Elliott is an early riser, doing 30 to 40 minutes of cardio in the morning — Stairmaster is his favorite equipment when he’s not training for his Air Force PT test — and strength training after work.

But if he’s pressed for time or wants to sleep in one morning, he goes to the gym at lunch and gets in a quick circuit.

“It’s just enough to keep my fitness level up for when I can get back on routine,” Elliott said.

As for diet, these pros say it’s all about counting calories from healthy sources — mainly lean proteins, fruits, vegetables and whole grains. It takes a strict diet, with maybe a splurge once a week, to maintain perfection.

“It’s really all about calories in, calories out,” said Green, who at 5 feet, 5 inches, eats between 1,800 and 2,100 calories a day.

Double standard

Marine 1st Lt. Sarah Phillips doesn’t just fit the image of a model Marine officer, she is a model — a prize-winning bikini model.

The logistics officer out of Marine Corps Air Station Miramar, Calif., took third place in her height group at the NPC Pacific USA Bodybuilding Championships in August in San Diego.

Her victory has earned her a place at a national competition in New York City this month. The veteran of three deployments — two to Iraq and one to Afghanistan — hopes to compete her way to the top, earning a pro card that will make her among the most elite fitness competitors in the nation.

Phillips said the competitions, and being in peak physical condition, complement her military career in which officers are expected to lead by example.

There are detractors, she acknowledged, noting that there seems to be a double standard between male bodybuilders who compete in Speedos and women who compete in bikinis.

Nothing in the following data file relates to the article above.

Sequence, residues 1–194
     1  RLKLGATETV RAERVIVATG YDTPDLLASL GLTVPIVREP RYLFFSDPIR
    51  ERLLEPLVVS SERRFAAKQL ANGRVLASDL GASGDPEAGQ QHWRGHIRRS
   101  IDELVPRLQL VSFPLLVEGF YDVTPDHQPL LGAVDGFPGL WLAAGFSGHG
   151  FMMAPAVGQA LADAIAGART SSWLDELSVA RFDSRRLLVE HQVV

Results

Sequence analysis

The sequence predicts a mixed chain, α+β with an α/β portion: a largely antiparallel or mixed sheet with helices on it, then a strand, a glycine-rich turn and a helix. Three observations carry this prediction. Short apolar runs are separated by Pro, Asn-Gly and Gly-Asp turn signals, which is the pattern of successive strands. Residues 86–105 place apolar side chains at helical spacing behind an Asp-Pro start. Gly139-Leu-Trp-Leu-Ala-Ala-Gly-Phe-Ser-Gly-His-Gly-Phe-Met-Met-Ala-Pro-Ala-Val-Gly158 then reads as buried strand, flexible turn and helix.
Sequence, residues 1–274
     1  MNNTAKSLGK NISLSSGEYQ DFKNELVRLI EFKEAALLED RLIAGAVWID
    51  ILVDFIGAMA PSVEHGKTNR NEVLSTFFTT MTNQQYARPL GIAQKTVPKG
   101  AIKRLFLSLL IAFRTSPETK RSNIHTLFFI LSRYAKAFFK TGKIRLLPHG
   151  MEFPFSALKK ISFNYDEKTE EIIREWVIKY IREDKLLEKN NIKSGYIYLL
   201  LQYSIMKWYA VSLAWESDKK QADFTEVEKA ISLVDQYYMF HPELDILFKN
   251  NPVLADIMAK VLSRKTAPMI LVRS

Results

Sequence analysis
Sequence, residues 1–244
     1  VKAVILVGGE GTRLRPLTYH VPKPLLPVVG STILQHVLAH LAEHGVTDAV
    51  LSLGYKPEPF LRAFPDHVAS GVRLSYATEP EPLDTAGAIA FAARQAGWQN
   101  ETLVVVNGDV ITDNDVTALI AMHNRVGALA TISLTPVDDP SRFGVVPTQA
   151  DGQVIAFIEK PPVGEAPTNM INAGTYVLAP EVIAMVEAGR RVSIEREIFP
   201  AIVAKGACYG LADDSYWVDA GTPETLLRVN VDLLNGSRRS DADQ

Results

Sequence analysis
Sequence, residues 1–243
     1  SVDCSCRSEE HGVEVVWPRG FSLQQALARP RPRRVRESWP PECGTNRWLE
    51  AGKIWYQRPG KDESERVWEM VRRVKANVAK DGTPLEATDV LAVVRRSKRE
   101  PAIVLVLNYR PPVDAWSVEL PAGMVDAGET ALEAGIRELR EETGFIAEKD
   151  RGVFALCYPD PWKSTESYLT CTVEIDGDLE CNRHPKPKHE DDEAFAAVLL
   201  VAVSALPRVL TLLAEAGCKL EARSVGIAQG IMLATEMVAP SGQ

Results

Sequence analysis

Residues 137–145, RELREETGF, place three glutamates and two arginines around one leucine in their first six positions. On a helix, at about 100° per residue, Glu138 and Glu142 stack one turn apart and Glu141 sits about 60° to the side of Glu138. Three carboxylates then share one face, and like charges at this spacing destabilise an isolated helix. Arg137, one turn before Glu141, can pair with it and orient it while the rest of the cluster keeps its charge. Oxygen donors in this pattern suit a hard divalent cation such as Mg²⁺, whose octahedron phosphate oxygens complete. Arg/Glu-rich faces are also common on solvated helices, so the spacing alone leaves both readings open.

“It is about showcasing fitness and physique. You can’t do that in a burlap sack,” she said. “Women in bikinis draw more attention — positive and negative — than men in Speedos.”

Some Marines try to say that she shouldn’t compete and that it erodes her credibility as a leader and an officer.

Her rebuttal: “It’s about fitness. I think living a healthy, active lifestyle and being a fit Marine is setting the right example for both males and females.”

Phillips regularly aces her fitness tests and feels in the best shape of her life. Most of the Marines she knows are supportive; they turn out at her competitions and only once in a while give her some good-natured teasing.

The payoff

Don’t expect to get rich from competing as a physique model.

Green, who now does fitness modeling and competitions full time, said she makes enough to get by, but the job requires major capital: custom bikinis that can cost upward of $500, travel, coaching, makeup, shoes, hair extensions, nails and more.

“I think I spent $12,000 last year on shows and fees,” Green said. “For the work you put into it, you end up making pennies on the dollar.”

Elliott, whose participation is limited by his full-time Air Force job, makes $800 to $1,200 a month.

“I’d have to go Reserve if I wanted to do this full time. I haven’t decided what I want to do yet,” Elliott said.

Fitness models sometimes are criticized by athletes who say the competitions focus on aesthetics instead of athleticism or performance. According to these naysayers, fitness modeling competitors look fit, but in reality are not.

Elliott, who has maxed every Air Force PT test save one during his five-year career, says that based on his experience, this simply isn’t true.

“I’m able to be both functional and look the part,” Elliott said.

Those interested in learning more about physique and fitness modeling should check out local gyms and the Internet, bring along their fortitude and dedication and check any reservations at the door, Green said.

“Expect to do a lot for free and be humble for what you do get,” she said.

Marine Corps Times staff writer James K. Sanborn contributed to this story.